Amazing isn’t it, how one measly letter can have such an effect on a word? Obviously you’d never want to tell a woodpecker to auger well. You’d end up with holes in the siding. But let a flock of birds fly by, and it could augur well…especially since you wouldn’t end up with holes.
…started as my way of dealing with a professional frustration with properly spelled words that were out of context in manuscripts I was editing as well as books I was reviewing. It evolved into a sharing of information with y’all. I’m hoping you’ll share with us words that have been a bête noir for you from either end.
|Credit to: Apple Dictionary.com|
|Part of Grammar:|
Plural for noun: augers
Verb, intransitive & transitive
|Always related to tools and engineering
A tool with a corkscrew bit for boring holes in wood or the ground
[Historical; in ancient Rome] A religious official who observed natural signs, especially the behavior of birds, interpreting these as an indication of divine approval or disapproval of a proposed action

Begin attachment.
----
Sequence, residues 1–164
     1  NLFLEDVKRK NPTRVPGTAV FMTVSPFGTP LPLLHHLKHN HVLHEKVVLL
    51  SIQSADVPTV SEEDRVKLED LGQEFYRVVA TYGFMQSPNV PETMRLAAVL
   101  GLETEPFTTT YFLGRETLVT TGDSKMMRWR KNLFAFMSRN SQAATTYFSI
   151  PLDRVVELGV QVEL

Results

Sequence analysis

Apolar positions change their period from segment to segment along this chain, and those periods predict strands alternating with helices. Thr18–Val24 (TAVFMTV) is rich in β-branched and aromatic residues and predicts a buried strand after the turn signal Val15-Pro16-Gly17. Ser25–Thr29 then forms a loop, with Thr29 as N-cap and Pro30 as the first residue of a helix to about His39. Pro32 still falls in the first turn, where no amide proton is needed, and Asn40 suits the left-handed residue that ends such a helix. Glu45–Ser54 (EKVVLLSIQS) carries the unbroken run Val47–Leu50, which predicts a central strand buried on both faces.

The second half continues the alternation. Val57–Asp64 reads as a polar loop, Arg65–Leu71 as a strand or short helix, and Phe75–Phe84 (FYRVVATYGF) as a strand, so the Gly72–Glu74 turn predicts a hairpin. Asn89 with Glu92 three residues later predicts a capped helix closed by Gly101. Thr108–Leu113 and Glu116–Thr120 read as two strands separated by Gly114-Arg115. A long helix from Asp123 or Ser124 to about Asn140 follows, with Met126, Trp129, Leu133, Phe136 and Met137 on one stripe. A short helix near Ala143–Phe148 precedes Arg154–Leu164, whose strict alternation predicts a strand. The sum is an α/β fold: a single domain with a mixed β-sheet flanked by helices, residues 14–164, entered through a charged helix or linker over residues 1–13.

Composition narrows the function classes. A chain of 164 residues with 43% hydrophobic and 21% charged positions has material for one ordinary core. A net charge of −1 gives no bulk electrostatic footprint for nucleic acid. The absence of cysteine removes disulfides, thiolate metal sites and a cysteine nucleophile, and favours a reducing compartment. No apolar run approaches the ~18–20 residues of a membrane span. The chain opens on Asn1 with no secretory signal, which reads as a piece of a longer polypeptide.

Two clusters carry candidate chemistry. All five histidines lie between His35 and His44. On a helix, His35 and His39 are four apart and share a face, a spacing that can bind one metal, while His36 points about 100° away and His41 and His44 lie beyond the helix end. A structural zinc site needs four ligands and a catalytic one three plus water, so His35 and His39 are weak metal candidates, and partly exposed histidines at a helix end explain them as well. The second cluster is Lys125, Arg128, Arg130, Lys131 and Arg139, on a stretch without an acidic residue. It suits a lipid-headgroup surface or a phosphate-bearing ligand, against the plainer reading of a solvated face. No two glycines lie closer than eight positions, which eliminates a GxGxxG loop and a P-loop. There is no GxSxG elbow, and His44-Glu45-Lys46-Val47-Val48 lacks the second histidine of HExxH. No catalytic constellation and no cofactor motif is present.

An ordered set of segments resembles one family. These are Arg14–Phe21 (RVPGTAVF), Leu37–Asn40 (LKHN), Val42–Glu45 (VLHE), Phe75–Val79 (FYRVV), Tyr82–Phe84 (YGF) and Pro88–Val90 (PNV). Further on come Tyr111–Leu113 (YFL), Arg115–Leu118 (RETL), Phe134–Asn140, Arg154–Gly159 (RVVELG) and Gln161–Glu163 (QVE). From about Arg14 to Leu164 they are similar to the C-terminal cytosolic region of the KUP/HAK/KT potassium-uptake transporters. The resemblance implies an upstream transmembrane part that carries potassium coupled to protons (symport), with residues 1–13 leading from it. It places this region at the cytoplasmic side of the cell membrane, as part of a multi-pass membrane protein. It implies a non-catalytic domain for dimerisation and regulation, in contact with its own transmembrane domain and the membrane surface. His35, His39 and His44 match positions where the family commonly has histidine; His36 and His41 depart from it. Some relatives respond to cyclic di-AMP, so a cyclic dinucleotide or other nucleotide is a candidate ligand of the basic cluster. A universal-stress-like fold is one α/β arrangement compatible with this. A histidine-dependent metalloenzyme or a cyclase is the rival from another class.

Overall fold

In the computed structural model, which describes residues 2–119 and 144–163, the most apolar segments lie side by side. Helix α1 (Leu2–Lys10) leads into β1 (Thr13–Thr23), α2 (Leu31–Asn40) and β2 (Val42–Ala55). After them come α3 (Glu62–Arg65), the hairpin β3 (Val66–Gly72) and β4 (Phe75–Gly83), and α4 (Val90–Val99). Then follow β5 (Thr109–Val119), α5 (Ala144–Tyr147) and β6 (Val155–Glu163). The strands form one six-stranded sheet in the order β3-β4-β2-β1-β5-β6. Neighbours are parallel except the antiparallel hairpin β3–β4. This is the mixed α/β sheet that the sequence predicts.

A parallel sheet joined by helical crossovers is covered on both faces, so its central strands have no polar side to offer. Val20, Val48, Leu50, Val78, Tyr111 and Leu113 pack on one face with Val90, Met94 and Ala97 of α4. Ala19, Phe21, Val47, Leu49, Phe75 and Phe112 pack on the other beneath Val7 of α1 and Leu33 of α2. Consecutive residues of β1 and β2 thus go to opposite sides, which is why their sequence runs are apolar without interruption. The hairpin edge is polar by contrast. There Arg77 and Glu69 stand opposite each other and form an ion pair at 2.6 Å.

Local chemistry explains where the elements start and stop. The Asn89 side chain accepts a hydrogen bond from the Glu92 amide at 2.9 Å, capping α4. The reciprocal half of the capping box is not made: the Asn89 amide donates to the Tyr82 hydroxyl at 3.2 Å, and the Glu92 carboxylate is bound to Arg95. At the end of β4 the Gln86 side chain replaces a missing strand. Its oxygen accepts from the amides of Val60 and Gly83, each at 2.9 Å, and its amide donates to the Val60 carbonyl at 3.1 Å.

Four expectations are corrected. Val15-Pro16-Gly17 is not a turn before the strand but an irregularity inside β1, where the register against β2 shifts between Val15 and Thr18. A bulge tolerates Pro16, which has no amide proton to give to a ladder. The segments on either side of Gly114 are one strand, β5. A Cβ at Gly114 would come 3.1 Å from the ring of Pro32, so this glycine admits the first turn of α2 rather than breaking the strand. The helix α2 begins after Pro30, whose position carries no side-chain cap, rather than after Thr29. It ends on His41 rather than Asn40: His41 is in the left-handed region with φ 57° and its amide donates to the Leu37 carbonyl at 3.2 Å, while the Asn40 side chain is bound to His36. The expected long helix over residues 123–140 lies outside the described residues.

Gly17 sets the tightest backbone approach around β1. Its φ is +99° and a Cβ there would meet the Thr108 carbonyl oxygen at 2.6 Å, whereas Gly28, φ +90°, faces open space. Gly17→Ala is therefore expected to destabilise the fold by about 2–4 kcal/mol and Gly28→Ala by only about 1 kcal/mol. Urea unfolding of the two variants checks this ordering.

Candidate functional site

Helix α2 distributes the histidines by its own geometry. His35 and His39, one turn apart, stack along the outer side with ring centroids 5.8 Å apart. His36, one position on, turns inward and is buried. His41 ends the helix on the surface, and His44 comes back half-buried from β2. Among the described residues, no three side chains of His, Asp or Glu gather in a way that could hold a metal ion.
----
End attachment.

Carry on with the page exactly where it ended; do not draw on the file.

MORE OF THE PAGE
[Archaic] Foresee or predict
|I have an auger bit I use in my drill to quickly make holes for bulbs.
“Above it rig a stage, on the forks of trees, with a firm socket for the stock or shaft of your auger to work in.” – W. B. Lord’s Shifts and Expedients of Camp Life, Travel & Exploration
“Then Baugi took the auger again and he bored deeper and deeper into the rock.” – Padraic Colum’s The Children of Odin
We’ll need an auger to break up that blockage.
We must ask the augur to read the signs.
The return to the gold standard augured badly for industry.
A new coalition would not augur a new period of social reforms.
|History of the Word:|
|Old English nafogār is from nafu + gār (piercer). The n was lost when some clerk merged a nauger||1 Late Middle English from the Latin for diviner.|
C’mon, get it out of your system, bitch, whine, moan…which words are your pet peeves? Also, please note that I try to be as accurate as I can, but mistakes happen or I miss something. Email me if you find errors, so I can fix them…and we’ll all benefit!
Pinterest Photo Credits:
“Bird of Ill Omen Used as an Oracle” from Wellcome Images is under the CC BY 4.0 license, via Wikimedia Commons, is about to be drilled by “Augur Well“, which is courtesy of The Phrase Finder, as part of an article that explores the difference between auger and augur.